DV Hardware review - Cooler Master CM Storm SF-19 Strike Force

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Cooler Master CM Storm SF-19 Strike Force



Testing
To test the performance of the SF-19 I used a 15.6-inch Dell Studio 1558. Cooler Master markets the product as compatible with laptops of up to 19", and as you can see on the picture below there's still plenty of room on the cooler to fit a larger laptop.

SF-19 Strike Force with 
laptop


I compared load temperatures and noise temperatures with and without the cooler to test the SF-19's effectiveness. The temperature of the laptop's CPU, GPU and HDD were monitored with Argus Monitor. Load temperatures were obtained by finishing five benchmark runs in the Unigine Heaven benchmark, first the laptop was placed on a wooden table, then on the SF-19 with fans turned off, next with the fans at minimum and finally with fans at max speed. Throughout the test the ambient temperature remained around 22°C.

Test system specifications:
  • Dell Studio 1558 15.6" laptop
  • Intel Core i5-430M (2.26GHz) processor
  • ATI Mobility Radeon HD 545v 512MB graphics card (a rebadged Mobility Radeon HD 4570)
  • 2x 2GB DDR3-1333
  • 500GB SATA HDD (5400RPM)
  • As is to be expected, even lifting the laptop onto the cooler with the fans deactivated increases cooling efficiency because the open design of the base and the angled construction of the cooler makes it easier for the laptop to dissipate its heat. The difference between the fan at minimum and maximum speed is very small, the HDD and GPU temperatures only drop one degree Celsius while the CPU temperature remains the same regardless of the fans' speed. The cooler is able to drop the CPU's load temperature by 5°C while the GPU's temperature falls by 6°C. The impact on the HDD is less outspoken, the difference is just 3°C.

    Without a cooler the base of the laptop got really hot but after the tests with the fans turned on it barely felt lukewarm.

    SF-19 Strike Force load 
temperatures


    Another aspect of notebook coolers that I find very important is noise, and in this area the SF-19 doesn't score that well. Even at minimum fan speed the cooler is too loud for my liking, and at maximum speed it's freakishly loud. Sound level tests were performed with my AR824 decibel meter at a distance of 30 centimeters from the laptop. The Dell Studio 1558 is a very silent laptop in idle mode, you can barely hear it and the sound meter registered a noise level of 37.8dBA, which is the lowest level that my model can detect. With the cooler at minimum fan speed the noise level rose to 41.7dBA and at maximum fan speed it was 51.6dBA.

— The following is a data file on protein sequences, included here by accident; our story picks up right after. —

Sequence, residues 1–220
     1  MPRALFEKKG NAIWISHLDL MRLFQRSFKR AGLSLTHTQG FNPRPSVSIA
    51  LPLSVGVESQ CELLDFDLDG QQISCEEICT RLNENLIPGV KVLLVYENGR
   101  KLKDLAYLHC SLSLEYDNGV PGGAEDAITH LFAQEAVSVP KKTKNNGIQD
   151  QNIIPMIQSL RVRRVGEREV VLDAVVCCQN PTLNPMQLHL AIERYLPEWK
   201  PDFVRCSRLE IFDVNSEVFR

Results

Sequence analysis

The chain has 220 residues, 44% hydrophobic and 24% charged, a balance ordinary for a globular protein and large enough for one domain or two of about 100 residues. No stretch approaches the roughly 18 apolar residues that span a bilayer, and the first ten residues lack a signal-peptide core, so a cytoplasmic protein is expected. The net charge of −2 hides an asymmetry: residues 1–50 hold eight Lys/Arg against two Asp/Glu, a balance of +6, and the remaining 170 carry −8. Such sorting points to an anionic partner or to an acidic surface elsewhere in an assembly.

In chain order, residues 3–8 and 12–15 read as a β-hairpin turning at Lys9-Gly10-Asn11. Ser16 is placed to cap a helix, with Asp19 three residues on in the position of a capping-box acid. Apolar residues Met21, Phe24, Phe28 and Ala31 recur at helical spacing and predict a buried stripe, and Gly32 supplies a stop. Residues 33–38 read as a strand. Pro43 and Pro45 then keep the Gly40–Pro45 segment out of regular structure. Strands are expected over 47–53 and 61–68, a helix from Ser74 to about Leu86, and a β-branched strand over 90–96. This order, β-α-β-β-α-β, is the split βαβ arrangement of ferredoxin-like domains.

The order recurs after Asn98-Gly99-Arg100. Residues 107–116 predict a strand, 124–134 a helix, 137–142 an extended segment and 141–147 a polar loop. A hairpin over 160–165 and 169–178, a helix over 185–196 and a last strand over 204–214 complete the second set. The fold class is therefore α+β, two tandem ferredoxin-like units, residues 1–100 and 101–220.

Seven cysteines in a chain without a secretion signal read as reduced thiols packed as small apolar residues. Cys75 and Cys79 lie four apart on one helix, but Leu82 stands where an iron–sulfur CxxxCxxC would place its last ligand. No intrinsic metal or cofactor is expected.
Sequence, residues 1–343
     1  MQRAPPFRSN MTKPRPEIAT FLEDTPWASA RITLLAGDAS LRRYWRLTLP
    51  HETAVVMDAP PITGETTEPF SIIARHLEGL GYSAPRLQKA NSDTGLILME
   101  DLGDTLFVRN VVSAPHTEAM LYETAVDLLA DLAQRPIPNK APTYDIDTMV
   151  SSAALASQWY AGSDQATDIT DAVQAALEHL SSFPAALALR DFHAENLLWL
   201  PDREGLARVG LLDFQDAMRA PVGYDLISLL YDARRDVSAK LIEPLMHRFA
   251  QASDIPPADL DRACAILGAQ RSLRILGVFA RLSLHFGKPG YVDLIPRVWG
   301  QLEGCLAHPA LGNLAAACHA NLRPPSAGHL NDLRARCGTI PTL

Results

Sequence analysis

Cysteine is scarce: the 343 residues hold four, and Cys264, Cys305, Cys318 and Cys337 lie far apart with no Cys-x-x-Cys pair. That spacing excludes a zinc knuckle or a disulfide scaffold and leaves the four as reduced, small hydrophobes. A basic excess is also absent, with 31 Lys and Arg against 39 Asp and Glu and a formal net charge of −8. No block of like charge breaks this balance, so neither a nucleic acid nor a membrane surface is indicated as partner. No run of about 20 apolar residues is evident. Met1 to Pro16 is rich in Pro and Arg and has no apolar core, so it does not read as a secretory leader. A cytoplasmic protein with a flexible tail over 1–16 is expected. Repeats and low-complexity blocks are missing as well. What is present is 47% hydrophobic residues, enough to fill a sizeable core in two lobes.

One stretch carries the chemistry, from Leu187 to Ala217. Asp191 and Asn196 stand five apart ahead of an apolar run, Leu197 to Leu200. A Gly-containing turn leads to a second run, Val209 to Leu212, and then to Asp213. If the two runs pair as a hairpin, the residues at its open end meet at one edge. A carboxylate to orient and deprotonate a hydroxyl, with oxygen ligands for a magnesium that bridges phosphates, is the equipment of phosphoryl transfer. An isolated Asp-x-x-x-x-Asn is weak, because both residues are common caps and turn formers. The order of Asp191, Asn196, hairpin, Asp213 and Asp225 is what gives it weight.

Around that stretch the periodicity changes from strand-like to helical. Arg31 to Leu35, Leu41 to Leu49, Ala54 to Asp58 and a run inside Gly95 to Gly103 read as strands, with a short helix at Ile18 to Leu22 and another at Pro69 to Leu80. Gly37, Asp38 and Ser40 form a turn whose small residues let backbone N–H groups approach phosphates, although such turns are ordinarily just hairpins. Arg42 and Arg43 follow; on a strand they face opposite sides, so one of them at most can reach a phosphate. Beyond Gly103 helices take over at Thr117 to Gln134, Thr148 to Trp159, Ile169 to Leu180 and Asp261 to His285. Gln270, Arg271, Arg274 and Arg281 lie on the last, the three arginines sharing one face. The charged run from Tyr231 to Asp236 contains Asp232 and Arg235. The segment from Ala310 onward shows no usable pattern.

During the load tests the laptop's fan kicks a notch higher and hits a noise level of 42.6dBA without the cooler. With the SF-19's fan speed at minimum the laptop's own cooler had to work less hard, as a result the noise level dropped to 41.5dBA during this load test. With the fan dial at maximum the noise level climbed to 51.6dBA and the noise became so obnoxiously loud that I can't imagine anyone using the SF-19 at maximum fan speed. It's so loud that you'll be having a hard time hearing game audio through your headset.

    SF-19 Strike Force noise


    One feature that I haven't covered yet is the SF-19's light show. Pressing the light switch on the left of the cooler activates the four LED arrays. You can switch between seven colors; red, green, blue, light blue, purple, yellow and white, and it also includes effects like rotating colors.

    SF-19 Strike Force noise


    Conclusion
    As with all laptop coolers, the cooling potential of the SF-19 is quite limited because you're not directly cooling the internal components but the laptop's base. On top of that, most laptops have a plastic base, a material that doesn't excel at dissipating heat. Still, being able to drop temperatures by 5-6°C is a pretty good score. Other good points are the carrying handle, the great comfort when used on your lap and the USB 3.0 hub. The main cons are that you need to use a power adaptor for the fans, and that the fans are loud, even at minimum fan speed. The Cooler Master CM Storm SF-19 Strike Force retails for $79.99, making it one of the most expensive laptop coolers ever made.

    The Good Stuff
  • Comfortable to use on your lap
  • Good cooling capacity
  • Rubber carrying handle
  • Fancy lights
  • Fans easy to replace
  • Four USB 3.0 ports

    The Bad Stuff
  • Fans are very loud
  • Fans require power adapter
  • Build quality could be better

    DV Hardware awards the Cooler Master CM Storm SF-19 Strike Force with a 8/10.

  • Added: April 26th 2011
    Reviewer:
    Score: 8/10
    Related Link: Cooler Master
    Page: 3/3



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